Cambodia sits on the eastern shores of the Gulf of Thailand, squished between southern Vietnam and the south-central border of Thailand. For many people, Cambodia is nothing more than a quick pit-stop between the two countries, summed up by the day-time adventures through the ancient temple complex of Angkor in sweltering heat and the night-time dance clubs of Pub Street in Siam Reap. Although close to two million visitors flood the temples each year, the rest of Cambodia is seen as a relatively unknown and “untouristed” rural landscape rarely explored. Experienced backpackers know this means it is an untouched gem, a land of beaches like the islands of Southern Thailand without the crowds, mountains like Northern Vietnam without the exorbitant fees, and lavish resort-style villas at prices that reflect the lack of people there to occupy them. For anyone taking the time to trek up north to the temple complexes, it is well worth it to explore this beautiful country more deeply, and get to know the history and temperament of the Khmer people, who are rumored to be the happiest in all of South-East Asia.
The Basic Facts
Ethnic Groups: 90% Khmer, small percentages of Vietnamese, Chinese, and other
Capitol City: Phnom Penh
Area: ~181,000 square miles
Topography: Mostly low plains, some mountains, river delta
Government: Multiparty democracy under a constitutional monarchy
From the CIA World Factbook
The majority of the people of Cambodia are considered Khmers, descendents of the Angkor Empire that stretched across South East Asia between the 10th and 13th centuries. The empire declined eventually, but relics from the time period still stand; the ancient temple complex of Angkor outside of Siam Reap is one of the Seven Wonders of the World and it draws more tourism than any other attraction in South East Asia. In the 19th and 20th century, Cambodia was under French rule, but they gained full independence in 1957.
The most defining aspect of Cambodia’s recent history comes in the form of a bloody genocide under the rule of the communist Khmer leader, Pol Pot. The Khmer Rouge’s regime, from 1975-1979, led to the deaths of over 1.5 million Cambodians, which was nearly a quarter of the population at the time. The Killing Fields, sites where massive massacres occurred, are scattered around the country, the largest and most visited of which lies outside of the capitol city. Bones, skulls, weapons, and mass graves can be seen by visitors. The regime ended when the Vietnamese invaded in 1979, but the pains from this vicious time period are still felt around the country.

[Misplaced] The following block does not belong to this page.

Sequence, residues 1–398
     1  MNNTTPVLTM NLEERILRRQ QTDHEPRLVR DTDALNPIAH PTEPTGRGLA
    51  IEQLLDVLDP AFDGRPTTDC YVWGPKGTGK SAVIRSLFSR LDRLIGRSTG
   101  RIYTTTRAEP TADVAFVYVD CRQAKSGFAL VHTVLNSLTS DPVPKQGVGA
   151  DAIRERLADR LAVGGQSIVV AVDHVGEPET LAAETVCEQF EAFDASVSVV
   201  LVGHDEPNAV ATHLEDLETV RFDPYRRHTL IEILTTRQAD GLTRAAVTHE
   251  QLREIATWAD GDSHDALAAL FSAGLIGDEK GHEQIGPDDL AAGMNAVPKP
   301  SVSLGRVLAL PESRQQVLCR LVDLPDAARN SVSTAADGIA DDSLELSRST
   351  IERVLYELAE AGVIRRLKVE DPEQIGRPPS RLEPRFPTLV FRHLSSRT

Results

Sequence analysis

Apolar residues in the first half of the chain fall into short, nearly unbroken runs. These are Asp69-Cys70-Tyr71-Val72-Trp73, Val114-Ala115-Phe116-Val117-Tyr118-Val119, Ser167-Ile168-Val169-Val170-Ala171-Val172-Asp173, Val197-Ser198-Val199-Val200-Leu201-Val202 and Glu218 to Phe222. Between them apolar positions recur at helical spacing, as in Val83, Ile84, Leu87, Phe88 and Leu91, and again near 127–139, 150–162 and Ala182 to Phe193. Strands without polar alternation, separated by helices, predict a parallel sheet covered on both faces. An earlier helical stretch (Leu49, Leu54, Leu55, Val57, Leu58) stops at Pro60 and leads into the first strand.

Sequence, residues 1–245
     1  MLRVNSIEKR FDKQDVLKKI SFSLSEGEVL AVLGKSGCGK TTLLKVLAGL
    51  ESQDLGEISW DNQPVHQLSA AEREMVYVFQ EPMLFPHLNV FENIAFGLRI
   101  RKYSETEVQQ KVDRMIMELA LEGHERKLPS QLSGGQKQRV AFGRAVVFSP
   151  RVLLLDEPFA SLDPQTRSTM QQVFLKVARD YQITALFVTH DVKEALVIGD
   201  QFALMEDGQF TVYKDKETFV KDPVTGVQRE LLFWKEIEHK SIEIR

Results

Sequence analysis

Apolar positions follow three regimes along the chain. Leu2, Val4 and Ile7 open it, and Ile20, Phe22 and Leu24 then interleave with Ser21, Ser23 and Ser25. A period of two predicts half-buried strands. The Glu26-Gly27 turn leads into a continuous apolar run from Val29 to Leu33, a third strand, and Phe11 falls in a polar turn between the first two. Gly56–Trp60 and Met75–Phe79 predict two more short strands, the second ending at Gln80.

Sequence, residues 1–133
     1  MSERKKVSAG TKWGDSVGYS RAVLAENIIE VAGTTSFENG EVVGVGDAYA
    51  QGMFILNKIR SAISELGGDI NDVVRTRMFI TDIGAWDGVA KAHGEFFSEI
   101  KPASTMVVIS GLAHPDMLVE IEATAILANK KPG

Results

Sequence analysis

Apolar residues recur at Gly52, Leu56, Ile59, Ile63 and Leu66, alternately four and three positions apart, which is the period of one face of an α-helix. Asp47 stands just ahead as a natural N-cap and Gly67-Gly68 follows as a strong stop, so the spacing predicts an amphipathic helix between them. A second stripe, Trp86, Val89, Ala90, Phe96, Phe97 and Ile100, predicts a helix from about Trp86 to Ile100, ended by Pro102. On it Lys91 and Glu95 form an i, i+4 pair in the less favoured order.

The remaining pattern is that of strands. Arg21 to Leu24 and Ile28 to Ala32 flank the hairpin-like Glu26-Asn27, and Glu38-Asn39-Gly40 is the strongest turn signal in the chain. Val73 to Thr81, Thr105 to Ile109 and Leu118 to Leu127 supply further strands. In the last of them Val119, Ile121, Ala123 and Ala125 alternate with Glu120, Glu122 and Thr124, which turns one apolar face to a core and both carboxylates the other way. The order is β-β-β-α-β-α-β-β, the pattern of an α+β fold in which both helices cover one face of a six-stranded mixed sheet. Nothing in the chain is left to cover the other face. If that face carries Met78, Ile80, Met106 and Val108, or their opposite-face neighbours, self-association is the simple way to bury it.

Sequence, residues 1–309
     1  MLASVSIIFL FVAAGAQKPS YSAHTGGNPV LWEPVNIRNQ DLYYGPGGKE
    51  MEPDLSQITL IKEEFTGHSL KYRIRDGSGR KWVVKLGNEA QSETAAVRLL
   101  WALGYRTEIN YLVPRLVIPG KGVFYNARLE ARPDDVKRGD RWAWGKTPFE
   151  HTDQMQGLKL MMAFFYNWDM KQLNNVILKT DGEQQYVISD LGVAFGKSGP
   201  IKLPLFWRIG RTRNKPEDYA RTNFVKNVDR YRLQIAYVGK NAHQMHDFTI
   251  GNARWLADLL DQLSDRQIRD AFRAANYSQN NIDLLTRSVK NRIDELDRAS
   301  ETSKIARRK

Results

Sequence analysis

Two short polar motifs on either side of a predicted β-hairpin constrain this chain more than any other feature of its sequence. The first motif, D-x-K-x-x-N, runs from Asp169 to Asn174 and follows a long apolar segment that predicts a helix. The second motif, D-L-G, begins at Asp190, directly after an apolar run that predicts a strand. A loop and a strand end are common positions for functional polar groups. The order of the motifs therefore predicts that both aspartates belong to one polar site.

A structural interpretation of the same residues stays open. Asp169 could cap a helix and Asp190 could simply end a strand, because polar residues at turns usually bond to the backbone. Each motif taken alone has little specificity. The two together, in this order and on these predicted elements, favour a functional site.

The Capital City: Phnom Penh
Phnom Penh is by far the largest city in Cambodia, trumping the next largest city by over 800,000 people. It lies on the confluence of the Mekong and the Tonle Sap, two of the largest rivers in the country. These rivers and the development along them are the most pleasant areas of the city. The rest of Phnom Penh can be a bit rough, but it is a necessary stop for most visitors, and you can make the most of your time here by visiting nearby attractions. The Killing Fields are located outside of the city center, and it is one of those rare “tourist attractions” that almost every visitor should be required to see. It paints a vivid picture of the harsh recent history of the country, one that is still resonating with millions of Cambodians. Tuol Sleng is a genocide museum that is also very informative. Time seems to pass quickly these days, and horrific world events seem to replace one another with unnerving speed. While you are enjoying your travels abroad, visiting beaches and interacting with an environment totally foreign to you, it is humbling and respectful to be informed about the massacre that many current citizens of Cambodia lived through.